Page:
The doomsayers have been predicting the end of enterprise content management (ECM) for a while now. Whether that end comes at the hands of big data, enterprise file sync and share (EFSS), enterprise social collaboration, or any other myriad of disrupters, for at least the last five years you would think that ECM had one foot in the grave from the way people spoke about it.
A Rose By Any Other Name
I've had a hard time believing this. Managing content is something we have done and will always do at organizations. Will we always call it “content”? No. Have we always called it “content”? No. Now it’s information and data; it used to be documents or records; we'll be calling it something else in five or 10 years. But whatever we call it, the stuff we’re trying to label is the same and is still important. So no matter how the terms change, we’re still trying to accomplish the same thing.
What has shifted significantly over the years is the organizational “center” of efforts to manage documents/records/information/data/etc. more effectively. From IT, to records management, to legal, to lines of business — the owners of this very real, very important business problem have changed over the last 25 years.
And right now, for a variety of reasons, the center of efforts to manage content is shifting (and in many industries, has already shifted) to another location: information security.
ECM Is Information Security
What we’re seeing in the marketplace over the last year or so is that, more often than not, the responsibility for managing content is falling to the chief information security officer (CISO) rather than general counsel (GC), CIO or CTO.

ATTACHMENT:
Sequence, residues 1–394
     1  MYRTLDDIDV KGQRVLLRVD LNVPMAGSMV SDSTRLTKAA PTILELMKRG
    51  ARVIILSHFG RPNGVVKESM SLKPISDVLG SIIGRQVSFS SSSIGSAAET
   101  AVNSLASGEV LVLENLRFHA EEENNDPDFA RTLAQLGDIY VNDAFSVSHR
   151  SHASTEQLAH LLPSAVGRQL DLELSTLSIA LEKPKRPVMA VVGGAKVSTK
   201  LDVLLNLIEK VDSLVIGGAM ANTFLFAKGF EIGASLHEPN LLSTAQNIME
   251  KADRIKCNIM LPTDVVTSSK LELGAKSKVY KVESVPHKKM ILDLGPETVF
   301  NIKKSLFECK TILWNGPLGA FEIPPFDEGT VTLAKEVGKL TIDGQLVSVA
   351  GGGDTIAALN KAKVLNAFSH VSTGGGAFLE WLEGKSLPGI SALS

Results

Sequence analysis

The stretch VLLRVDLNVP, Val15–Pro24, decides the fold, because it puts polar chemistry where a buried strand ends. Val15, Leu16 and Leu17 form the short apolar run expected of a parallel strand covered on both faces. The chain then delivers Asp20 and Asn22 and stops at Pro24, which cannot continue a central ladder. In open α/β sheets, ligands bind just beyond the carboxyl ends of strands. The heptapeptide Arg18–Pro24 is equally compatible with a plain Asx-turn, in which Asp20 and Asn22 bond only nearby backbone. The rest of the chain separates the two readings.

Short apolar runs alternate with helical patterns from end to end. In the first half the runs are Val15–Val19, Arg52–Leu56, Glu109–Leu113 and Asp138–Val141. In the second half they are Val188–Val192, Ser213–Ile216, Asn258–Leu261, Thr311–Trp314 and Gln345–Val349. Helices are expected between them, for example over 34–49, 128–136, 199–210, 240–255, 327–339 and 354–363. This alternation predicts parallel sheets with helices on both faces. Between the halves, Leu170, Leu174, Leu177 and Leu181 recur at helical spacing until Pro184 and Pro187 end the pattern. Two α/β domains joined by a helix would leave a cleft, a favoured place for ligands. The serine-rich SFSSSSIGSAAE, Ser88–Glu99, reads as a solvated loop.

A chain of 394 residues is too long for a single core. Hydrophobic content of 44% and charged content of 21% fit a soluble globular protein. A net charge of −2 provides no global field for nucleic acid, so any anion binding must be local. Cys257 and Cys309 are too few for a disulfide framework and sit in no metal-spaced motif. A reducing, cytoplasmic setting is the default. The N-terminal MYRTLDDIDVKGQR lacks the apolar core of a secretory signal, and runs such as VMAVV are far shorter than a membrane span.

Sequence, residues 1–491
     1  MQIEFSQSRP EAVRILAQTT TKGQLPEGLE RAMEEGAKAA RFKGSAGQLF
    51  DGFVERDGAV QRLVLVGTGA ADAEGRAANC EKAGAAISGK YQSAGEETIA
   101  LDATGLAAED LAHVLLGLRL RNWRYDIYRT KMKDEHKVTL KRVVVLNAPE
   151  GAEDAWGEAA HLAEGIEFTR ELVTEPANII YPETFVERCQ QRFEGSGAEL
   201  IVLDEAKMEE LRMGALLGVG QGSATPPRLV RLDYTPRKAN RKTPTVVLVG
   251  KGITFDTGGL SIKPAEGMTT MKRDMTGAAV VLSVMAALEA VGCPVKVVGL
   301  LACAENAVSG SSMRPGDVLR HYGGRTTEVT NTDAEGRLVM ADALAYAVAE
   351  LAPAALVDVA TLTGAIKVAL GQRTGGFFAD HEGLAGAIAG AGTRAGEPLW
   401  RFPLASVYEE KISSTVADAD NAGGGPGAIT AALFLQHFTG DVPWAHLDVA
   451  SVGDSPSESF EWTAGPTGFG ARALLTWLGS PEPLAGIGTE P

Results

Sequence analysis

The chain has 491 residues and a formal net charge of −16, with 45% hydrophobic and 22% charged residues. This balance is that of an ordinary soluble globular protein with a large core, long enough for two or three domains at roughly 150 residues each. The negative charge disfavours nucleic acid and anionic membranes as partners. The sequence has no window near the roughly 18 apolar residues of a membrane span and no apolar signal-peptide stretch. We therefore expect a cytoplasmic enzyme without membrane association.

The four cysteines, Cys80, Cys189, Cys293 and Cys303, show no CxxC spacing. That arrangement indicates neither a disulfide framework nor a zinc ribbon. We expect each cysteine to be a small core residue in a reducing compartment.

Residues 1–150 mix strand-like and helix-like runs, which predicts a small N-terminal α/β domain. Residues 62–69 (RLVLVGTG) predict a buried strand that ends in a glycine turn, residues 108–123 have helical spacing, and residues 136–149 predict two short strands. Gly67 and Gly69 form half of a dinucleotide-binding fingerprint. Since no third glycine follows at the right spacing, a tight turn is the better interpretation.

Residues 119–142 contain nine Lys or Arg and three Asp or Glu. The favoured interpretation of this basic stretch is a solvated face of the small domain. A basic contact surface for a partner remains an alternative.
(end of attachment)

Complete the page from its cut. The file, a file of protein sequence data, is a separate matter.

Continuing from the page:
Traditionally, the CISO’s scope of responsibility was concerned with preventing bad actors from gaining access to company systems and preventing egress of sensitive data by bad actors inside the company. But with the increased sophistication of hackers (if Target, Home Depot and CHS got breached, you will get breached, full stop), CISOs are focusing on how they can minimize the impact of the inevitable breach, when it happens.
This means having only as much protected health information and personally identifiable information as is absolutely necessary (i.e., as the law, regulation, and business need require), and no more. After all, when a breach happens, do you want 20 years of billing data (because you never purged data) or three year’s? The answer is clearly three, because that extra 17 years of sensitive data magnifies the impact of the breach immensely. Now multiply that across hundreds or thousands of structured applications, and you have a risk that far outweighs anything records or IT could bring to bear previously on the business case for ECM.
On top of this, for most large organizations in regulated industries, audit findings or actual breaches drive information security. In the former case, upper management is forced to close the gaps and fund the projects to do so; in the latter, they are personally motivated to do so, because they don’t want to be in the spotlight trying to explain why they handled customer data so poorly again.
Given all this, we’ve experienced a shift over the last 12 months. An increased number of ECM engagements were delivered at the behest of the CISO, rather than more traditional stakeholders like IT, legal or records management.
This is an encouraging trend and very good for the future of ECM. The problems and drivers for the CISO explored above are not going anywhere any time soon.
So if we, as ECM practitioners, can find ways to deliver value to the CISO on solving ECM problems, ECM will continue to be relevant. And hopefully, as a result, will receive sustained organizational attention year over year and get closer to solving than it has been at the hands of IT, legal and records management.
Title image by Caleb George